The DAO (organization).

A decentralized autonomous organization (DAO), sometimes labelled a decentralized autonomous corporation (DAC), is an organization that is run through rules encoded as computer programs called smart contracts. A DAO’s financial transaction record and program rules are maintained on a blockchain. The precise legal status of this type of business organization is unclear.

A well-known example, intended for venture capital funding, was The DAO, which launched with $150 million in crowdfunding in June 2016, and was immediately hacked and drained of US$50 million in cryptocurrency. This hack was reversed in the following weeks, and the money restored, via a hard fork of the Ethereum blockchain. This decentralized bailout was made possible by a majority vote of the blockchain’s hash rate.

Decentralized autonomous organizations have been seen by some as difficult to describe. Decentralized autonomous organizations are typified as the ability of blockchain technology to provide a secure digital ledger to track financial interactions across the internet, hardened against forgery by trusted timestamping and by dissemination of a distributed database. This approach eliminates the need to involve a mutually accepted trusted third party in a financial transaction, thus simplifying the transaction.

The costs of a blockchain-enabled transaction and of the associated data reporting may be substantially offset by the elimination of both the trusted third party and of the need for repetitive recording of contract exchanges in different records: for example, the blockchain data could, in principle and if regulatory structures permitted, replace public documents such as deeds and titles. In theory, a blockchain approach allows multiple cloud computing users to enter a loosely coupled peer-to-peer smart contract collaboration.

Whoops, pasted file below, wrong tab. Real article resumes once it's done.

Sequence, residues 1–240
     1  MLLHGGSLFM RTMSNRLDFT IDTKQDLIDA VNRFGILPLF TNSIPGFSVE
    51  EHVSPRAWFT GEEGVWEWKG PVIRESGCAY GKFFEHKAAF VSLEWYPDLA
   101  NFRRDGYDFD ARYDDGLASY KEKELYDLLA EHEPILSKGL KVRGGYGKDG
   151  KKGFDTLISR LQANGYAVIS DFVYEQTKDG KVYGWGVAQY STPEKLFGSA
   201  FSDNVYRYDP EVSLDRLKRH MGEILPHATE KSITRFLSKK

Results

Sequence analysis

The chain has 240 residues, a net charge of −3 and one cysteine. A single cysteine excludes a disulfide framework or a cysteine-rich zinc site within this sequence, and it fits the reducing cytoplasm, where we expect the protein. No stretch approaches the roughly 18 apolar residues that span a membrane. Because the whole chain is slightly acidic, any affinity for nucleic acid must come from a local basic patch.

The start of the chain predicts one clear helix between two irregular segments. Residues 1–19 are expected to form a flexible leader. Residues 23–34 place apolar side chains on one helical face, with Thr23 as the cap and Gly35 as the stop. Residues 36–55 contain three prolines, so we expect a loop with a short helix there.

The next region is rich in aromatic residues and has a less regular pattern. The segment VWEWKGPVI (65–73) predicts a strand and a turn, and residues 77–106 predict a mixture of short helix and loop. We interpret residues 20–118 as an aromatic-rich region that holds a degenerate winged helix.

Daniel Larimer first proposed the concept of a “Decentralized Organized Company” in an article published on September 7, 2013.

Vitalik Buterin proposed that after a DAO was launched, it might be organized to run without human managerial interactivity, provided the smart contracts were supported by a Turing complete platform.[10] Ethereum, built on a blockchain and launched in 2015, has been described as meeting that Turing threshold, thus enabling DAOs.

Decentralized autonomous organizations aim to be open platforms where individuals control their identities and their personal data.

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